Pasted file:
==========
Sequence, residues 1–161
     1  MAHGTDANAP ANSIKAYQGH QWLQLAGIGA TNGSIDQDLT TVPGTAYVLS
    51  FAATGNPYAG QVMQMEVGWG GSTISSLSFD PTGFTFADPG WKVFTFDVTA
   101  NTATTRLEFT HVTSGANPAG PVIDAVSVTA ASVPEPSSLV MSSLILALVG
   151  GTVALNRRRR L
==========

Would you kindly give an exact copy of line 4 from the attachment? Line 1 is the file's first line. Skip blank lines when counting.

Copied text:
   101  NTATTRLEFT HVTSGANPAG PVIDAVSVTA ASVPEPSSLV MSSLILALVG